Los Angeles, CA Researchers at Charles Drew University of Medicine and Science and UC Irvine will monitor the day-to-day health of low-birth-weight babies and their parents as part of a comprehensive initiative designed to combat chronic illnesses associated with low-weight births.
Karen Cheng, CDU psychiatry and human behavior professor, and Gillian Hayes, UCI informatics professor, were awarded a $480,000 grant from the Robert Wood Johnson Foundation (RWJF) to explore how recorded observations of daily living (ODLs) can be used to improve clinical care for low-weight babies.
Cheng and Hayes were among five research teams in the nation selected by RWJF through its Project HealthDesign: Rethinking the Power and Potential of Personal Health Records. They will receive a two-year grant to measure how health information can help people become more informed patients and better healthcare consumers. The grantees will explore how day-to-day information such as stress levels of parents of premature infantscan be collected, interpreted and acted upon in real-world clinical settings.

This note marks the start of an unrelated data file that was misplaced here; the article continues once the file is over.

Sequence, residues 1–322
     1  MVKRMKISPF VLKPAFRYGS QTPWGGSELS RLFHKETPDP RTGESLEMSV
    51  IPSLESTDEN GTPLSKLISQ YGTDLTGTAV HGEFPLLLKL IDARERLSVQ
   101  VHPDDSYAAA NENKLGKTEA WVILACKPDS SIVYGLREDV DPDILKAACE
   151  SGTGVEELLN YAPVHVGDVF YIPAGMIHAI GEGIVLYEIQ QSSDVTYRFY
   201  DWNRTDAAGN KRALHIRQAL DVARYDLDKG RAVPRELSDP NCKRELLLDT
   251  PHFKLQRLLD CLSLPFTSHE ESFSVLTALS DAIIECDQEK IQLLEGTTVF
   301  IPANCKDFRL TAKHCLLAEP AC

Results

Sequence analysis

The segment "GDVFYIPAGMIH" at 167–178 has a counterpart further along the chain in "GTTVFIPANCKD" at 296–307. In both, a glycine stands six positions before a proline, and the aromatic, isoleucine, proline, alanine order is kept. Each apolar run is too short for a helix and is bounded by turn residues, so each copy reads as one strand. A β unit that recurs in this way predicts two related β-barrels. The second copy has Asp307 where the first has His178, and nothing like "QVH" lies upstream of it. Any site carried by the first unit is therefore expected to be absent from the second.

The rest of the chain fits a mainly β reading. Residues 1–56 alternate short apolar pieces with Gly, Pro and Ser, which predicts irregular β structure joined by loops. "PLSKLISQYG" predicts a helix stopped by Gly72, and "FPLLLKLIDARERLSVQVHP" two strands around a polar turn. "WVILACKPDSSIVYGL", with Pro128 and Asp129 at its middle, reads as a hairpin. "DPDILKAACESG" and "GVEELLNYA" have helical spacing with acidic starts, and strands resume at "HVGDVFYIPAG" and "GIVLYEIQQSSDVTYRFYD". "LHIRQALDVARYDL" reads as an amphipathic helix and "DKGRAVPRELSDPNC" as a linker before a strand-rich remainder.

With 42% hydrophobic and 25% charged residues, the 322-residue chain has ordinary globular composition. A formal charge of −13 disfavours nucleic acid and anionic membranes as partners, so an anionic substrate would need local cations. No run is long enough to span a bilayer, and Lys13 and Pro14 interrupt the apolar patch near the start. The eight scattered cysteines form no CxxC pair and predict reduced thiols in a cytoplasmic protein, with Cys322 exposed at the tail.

For their project, Cheng and Hayes will use mobile technology to collect and report daily observations that can enable changes in clinical practices and alert healthcare providers earlier to potential problems. The team will develop a mobile application for parents of preterm infants, called FitBaby, which builds on Hayes' past work with Dr. Dan Cooper, a UCI professor of pediatrics. The system enables parents to easily record daily observations on smartphones, including feeding times, weight measurements, baby's activity and how parents deal with the stress of caring for an at-risk infant. The system also automatically tracks some observations through sensors in the environment.
"This work is particularly innovative in that we make it convenient for parents to record daily information about their babies by automatically sensing a number of
|Contact: Elia Esparza|
Charles Drew University of Medicine and Science